spots and the sheep trails on the farm hills where he rode his draft horse. We boys just loved hearing
about the big strides his horse made, heading straight up the hills, rather than having to zig zag like
the smaller horses. Dad would also talk about sitting on the back-door steps of the family home and
looking down the valley, to a tall hill called Moumoukai.
This sense of belonging seemed to make him comfortable wherever he found himself. That place
was Taita, a train-station in the Lower Hutt valley near Wellington, where we boys grew up. As
children, Dad’s stories came from a world we knew nothing about. Maori was not a word Dad
used often. I heard ‘Irish,’ as a more real word. I knew that Nana, living just around the corner,
was Irish, as were the Presentation Sisters at Saint Michael’s school and the parish priest. I believe
the story that they had come from Ireland as teenagers to save our Kiwi children’s souls. Part of the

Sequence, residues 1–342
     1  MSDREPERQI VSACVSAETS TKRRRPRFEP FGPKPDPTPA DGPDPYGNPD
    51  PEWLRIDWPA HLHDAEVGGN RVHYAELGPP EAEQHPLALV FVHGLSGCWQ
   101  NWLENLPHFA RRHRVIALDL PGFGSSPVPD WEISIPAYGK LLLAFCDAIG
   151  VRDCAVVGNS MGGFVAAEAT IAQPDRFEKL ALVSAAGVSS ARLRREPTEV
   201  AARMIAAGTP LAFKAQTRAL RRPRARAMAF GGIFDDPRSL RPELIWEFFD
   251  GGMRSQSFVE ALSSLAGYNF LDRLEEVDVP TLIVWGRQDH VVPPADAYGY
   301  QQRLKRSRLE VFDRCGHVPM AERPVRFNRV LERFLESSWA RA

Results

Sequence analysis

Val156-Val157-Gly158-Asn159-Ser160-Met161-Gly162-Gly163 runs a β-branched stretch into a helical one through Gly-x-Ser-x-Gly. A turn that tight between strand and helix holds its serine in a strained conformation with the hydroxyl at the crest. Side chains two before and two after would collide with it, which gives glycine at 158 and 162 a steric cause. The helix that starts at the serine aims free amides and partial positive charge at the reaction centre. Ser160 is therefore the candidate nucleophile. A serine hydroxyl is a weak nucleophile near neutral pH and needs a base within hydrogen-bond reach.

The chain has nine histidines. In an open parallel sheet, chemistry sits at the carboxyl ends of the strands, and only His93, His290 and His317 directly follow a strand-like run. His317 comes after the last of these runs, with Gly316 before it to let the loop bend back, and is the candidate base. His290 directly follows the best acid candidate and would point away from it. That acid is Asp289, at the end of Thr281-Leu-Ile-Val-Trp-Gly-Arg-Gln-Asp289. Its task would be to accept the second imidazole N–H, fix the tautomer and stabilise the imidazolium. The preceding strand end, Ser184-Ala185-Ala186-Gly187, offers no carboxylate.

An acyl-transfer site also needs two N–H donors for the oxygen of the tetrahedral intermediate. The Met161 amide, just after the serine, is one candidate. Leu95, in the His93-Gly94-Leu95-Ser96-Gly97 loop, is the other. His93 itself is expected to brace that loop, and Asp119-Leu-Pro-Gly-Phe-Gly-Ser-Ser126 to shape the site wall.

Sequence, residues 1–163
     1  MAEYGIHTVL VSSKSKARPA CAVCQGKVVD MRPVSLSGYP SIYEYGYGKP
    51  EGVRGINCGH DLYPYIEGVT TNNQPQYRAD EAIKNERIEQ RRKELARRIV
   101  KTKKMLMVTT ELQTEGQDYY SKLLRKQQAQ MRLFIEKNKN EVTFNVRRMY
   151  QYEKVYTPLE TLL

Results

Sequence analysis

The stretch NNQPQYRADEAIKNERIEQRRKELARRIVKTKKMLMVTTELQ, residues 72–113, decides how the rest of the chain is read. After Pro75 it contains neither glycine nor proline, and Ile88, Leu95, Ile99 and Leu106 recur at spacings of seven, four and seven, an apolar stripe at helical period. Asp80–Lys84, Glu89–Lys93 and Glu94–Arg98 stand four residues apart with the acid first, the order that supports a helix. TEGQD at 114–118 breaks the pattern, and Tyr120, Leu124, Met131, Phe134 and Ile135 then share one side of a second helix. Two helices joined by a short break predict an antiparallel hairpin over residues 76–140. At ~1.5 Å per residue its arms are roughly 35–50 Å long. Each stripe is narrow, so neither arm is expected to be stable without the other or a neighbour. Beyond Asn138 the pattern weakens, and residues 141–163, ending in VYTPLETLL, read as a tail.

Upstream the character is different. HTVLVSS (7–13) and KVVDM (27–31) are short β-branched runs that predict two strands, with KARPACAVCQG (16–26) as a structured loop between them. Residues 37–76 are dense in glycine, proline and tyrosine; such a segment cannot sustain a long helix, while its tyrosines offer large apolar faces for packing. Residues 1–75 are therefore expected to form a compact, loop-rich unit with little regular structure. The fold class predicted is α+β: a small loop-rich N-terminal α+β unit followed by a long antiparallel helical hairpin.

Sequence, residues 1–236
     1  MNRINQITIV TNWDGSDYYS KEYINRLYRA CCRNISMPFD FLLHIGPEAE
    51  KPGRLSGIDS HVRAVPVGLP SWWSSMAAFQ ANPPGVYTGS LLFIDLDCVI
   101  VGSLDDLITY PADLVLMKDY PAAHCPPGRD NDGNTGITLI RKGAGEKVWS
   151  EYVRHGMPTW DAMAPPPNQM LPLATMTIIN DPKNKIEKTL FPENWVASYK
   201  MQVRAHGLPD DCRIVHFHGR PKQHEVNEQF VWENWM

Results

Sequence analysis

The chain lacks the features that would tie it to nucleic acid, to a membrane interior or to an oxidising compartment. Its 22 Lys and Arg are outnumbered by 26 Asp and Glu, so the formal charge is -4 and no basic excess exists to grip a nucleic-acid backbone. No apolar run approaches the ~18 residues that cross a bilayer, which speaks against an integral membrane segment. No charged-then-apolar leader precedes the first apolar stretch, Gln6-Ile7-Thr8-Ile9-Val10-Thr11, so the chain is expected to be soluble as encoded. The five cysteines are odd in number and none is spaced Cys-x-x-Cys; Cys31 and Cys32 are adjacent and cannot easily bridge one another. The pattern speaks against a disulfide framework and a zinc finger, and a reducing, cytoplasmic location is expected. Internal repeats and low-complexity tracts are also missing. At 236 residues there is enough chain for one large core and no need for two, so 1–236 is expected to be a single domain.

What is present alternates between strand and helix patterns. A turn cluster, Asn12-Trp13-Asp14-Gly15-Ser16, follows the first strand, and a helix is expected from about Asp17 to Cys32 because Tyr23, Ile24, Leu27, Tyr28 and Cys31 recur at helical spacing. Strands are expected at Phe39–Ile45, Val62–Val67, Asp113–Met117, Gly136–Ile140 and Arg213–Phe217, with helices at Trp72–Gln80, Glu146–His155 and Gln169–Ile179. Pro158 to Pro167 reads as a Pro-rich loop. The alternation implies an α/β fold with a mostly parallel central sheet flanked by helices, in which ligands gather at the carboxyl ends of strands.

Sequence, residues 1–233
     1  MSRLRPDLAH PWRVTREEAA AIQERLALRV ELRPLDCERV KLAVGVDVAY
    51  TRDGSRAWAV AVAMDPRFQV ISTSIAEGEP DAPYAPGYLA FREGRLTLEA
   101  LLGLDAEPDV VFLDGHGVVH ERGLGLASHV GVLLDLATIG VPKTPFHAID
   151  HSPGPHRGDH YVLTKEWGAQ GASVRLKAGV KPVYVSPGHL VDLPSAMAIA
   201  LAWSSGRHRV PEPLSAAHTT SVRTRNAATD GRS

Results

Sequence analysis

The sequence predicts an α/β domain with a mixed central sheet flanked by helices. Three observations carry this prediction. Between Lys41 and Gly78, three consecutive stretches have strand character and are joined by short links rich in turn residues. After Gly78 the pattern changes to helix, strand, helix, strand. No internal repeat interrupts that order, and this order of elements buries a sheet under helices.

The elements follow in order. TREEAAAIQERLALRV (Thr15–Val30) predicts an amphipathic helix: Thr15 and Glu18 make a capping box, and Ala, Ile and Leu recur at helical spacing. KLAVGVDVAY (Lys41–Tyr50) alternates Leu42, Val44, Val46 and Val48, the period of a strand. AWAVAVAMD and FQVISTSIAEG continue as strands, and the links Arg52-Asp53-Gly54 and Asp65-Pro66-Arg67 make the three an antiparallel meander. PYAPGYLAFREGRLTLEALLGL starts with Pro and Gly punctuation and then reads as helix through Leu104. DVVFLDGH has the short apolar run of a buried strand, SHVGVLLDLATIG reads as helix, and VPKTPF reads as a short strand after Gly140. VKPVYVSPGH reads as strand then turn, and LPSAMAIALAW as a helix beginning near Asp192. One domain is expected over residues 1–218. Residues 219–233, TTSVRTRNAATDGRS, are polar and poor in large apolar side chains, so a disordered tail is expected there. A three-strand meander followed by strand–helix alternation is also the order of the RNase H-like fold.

salvation was also teaching us Irish dancing and poetry.
So Dad’s childhood Maori world was somewhere else when I was growing up. But not quite.
You see he was a sort-of ‘undercover agent’ in our pale Lower Hutt suburb. By day he travelled to
the capital, Wellington, as did all the other dads. My Dad worked for the Department of
Maori Affairs as an interpreter in the Maori Land Court. And at night there were those Maori
language night classes.
After I left school, I read that Dad was part of a 1950’s Maori generation who moved from
the country into the cities to find work. That’s because through the process of colonisation, they had
‘lost’ their own tribal land. The Pakeha, they ‘found’ in the cities had little knowledge or time for
Maori culture, so most of Dad’s generation chose not to pass on this culture to their children. They